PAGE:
Some readers’ responses to Hifumi Okunuki’s June 19 Labor Pains column, “In ‘right-to-work’ Japan, employees should also have the right to rest“:
The pursuit of real leisure
Hifumi Okunuki calls for comments regarding Japanese workers’ right to rest. I agree with her criticism that workers’ statutory right to paid leave was undermined by the Supreme Court’s mistaken 1992 reversal of a High Court decision that supported workers’ right to take extended holidays. The Supreme Court instead ruled in favor of firms’ right to preserve “normal” operations.
While examples of judicial support for the nearly unimpeded exercise of employer authority are common in Japan, Okunuki’s argument — that “the point of paid leave is to free workers from unending toil with a long vacation designed to relax and refresh the body and mind” — does not go far enough. In fact, it shows a regrettable similarity to the court’s emphasis on work as the axis around which all else turns. In reality, leisure’s importance is far greater than workers’ legal right to rest and reproduce their labor power. It is the very basis of civilization.
That human civilization is built on a foundation of leisure is a truly radical insight, first elaborated by the German philosopher Josef Pieper in 1948. Amid the rubble and poverty of Germany’s WWII defeat, Pieper argued that although it seemed most urgent to provide jobs and rebuild the economy, it was even more important to rebuild the foundation of German society.
Pieper pointed out that the roots of modern leisure are derived from the Latin word schola, from which come the English and German words for school and scholar. It its original meaning, leisure was the inspiration for the liberal arts, the arts devoted to exploring the realm of freedom. The ancient Romans and Greeks had no word for work. There was only “leisure” and “not-leisure.” They engaged in “not-leisure” in order to “be at leisure.” That is, they worked to live.
Today Japanese, like many other denizens of industrial societies, live to work. Nearly everything is a job to be done and our jobs define us. Japanese universities are filled with “intellectual workers.” We value only that which requires struggle and hard work.
In this functional perspective, leisure is useful only insofar as it enables workers to work more. Moreover, much of what Japan calls rest is overpriced imitation of Western leisure, such as overseas travel, or sports, such as skiing and golf. The rest is mere entertainment, in which the machinery of amusement and media of mass distraction train the populace to be inattentive consumers.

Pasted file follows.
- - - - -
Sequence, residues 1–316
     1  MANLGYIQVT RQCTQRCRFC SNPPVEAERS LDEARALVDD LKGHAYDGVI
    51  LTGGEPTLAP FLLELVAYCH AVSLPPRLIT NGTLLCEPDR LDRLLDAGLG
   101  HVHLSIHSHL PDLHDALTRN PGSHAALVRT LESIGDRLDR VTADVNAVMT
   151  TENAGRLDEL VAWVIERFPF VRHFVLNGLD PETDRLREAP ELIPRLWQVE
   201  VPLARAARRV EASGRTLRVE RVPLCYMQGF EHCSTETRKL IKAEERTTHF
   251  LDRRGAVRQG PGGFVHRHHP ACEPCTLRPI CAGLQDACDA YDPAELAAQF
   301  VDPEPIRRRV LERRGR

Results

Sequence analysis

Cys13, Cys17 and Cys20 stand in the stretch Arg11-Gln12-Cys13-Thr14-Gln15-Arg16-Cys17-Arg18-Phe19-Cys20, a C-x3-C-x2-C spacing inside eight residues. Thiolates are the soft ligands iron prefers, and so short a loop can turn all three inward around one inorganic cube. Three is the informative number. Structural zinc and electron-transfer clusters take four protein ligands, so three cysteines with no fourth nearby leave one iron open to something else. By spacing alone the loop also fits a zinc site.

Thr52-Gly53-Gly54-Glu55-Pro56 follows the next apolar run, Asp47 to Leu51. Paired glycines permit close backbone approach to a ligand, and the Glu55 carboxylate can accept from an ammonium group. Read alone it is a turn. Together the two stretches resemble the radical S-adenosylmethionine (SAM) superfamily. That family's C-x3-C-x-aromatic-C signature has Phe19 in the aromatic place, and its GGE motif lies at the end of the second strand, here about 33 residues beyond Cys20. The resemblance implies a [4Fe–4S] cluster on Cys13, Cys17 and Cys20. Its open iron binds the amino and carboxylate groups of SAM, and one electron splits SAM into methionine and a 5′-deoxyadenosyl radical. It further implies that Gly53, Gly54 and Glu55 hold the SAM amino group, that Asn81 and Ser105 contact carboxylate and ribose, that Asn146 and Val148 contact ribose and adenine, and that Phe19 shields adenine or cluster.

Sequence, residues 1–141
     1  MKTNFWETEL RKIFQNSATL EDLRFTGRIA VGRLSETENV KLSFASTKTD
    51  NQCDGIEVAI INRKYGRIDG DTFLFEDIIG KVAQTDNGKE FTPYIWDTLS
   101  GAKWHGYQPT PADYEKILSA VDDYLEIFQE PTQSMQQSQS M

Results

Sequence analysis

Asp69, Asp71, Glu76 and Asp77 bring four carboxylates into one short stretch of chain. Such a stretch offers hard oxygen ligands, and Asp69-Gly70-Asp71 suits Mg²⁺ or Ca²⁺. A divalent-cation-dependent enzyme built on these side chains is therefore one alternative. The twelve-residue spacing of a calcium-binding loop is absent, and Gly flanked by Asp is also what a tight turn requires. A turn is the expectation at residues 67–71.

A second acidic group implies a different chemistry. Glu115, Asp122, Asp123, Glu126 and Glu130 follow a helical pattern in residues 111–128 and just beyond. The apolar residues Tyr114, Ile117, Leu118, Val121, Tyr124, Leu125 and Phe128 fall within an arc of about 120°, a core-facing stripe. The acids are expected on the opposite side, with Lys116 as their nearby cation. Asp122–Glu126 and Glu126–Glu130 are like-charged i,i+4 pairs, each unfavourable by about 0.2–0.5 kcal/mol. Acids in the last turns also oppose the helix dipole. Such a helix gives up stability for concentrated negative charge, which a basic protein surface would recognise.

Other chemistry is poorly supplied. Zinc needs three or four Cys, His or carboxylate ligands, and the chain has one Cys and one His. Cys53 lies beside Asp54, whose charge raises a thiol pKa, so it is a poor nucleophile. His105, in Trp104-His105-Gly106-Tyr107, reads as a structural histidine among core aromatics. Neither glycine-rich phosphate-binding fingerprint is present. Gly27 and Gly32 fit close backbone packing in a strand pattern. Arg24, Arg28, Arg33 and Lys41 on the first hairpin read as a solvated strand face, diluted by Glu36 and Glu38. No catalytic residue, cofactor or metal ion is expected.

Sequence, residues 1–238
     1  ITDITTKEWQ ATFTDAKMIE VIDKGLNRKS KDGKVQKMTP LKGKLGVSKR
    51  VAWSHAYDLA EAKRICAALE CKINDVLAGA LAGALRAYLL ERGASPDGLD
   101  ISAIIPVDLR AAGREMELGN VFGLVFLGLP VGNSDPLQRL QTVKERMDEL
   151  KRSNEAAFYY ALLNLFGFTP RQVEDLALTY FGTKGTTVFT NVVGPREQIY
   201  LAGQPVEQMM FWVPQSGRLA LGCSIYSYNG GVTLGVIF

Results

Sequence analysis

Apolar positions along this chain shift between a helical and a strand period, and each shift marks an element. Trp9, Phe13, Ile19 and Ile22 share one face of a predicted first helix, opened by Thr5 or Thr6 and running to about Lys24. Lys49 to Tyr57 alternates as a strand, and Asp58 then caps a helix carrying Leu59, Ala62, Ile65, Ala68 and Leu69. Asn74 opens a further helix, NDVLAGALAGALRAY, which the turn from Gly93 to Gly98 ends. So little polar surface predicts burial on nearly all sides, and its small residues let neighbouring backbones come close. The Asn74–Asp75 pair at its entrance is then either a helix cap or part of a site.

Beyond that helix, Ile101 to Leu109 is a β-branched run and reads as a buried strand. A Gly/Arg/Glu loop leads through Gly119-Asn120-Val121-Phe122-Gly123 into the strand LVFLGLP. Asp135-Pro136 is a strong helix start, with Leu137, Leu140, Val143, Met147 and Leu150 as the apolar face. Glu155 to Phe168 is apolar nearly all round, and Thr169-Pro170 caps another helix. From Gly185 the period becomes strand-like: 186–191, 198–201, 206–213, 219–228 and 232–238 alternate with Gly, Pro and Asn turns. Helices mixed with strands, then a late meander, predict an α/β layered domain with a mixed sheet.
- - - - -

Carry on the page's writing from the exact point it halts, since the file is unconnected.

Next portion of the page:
Real leisure, on the other hand, is free, conscious activity that takes our lives as its object. In Pieper’s vision, leisure enables appreciation and contemplation of the divine; it is stillness and quiet in which we can see truths and apprehend the mysteries of existence.
Classical conceptions of leisure, like modern ideals of liberal education that are rooted in ancient notions of leisure, take it as axiomatic that the unexamined life is not worth living. Leisure is the basis of civilization because is it the source of insight and enlightenment about the human condition. Zen and Taoist adepts shared with Native American tribes and others the notion that special training is not required. True knowing requires only that one sit and look.
Hand in hand with this view of leisure as the basis of civilization came the celebration of our oneness with creation through festivals. The essence of festivity is sacrifice: Voluntary gifts offered freely show that abundance exists even in the midst of poverty. These festivals are occasions for fostering community. Persistent, loving care, such as farmers devote to their crops, is the basis of both cultivation and culture. This view implies that it is not long vacations that are important, though they are certainly desirable, but daily leisure cultivation.
Article 25 of Japan’s Constitution states that “All people shall have the right to maintain the minimum standards of wholesome and cultured living.” To my mind, this implies daily time for leisure, a guaranteed realm of freedom within which all people can participate in building the foundation of civilization.
Workers in the EU are protected from overwork by laws that guarantee a minimum of 11 hours between shifts at work. Japan, following the U.S. example, is inclined toward increasing deregulation of work-time rules, and schools and other institutions do a better job of preparing students for domination in organizational settings than for appreciation of divine mysteries or cultivation of the self.
That preparation poses real barriers to leisure in Japan. As Parkinson’s dictum states, “Work expands so as to fill the time available for its completion.” Japanese workers, especially those who are “regular employees,” seldom stop work at the official quitting time. Many appear to not even know when work officially stops. Instead, they think they should stay until the boss leaves, or until the last train.
It is estimated that most of the overtime worked in Japanese firms is uncompensated “service overtime.” Workers seem to fear spare time (yoka), for it connotes the possibility that more work could have been done, even if it is unpaid.
Devotion to work, laudable though it may be, comes at high cost. Recently family is sometimes cited as a justification for going home at quitting time. Certainly family is important and workers have roles to play at home. But family is not necessarily leisure. To construe it as such demeans leisure and reduces both family and leisure to subsidiaries of production. That family is one of the few justifications for taking time off work shows how dominant the production-reproduction scheme has become.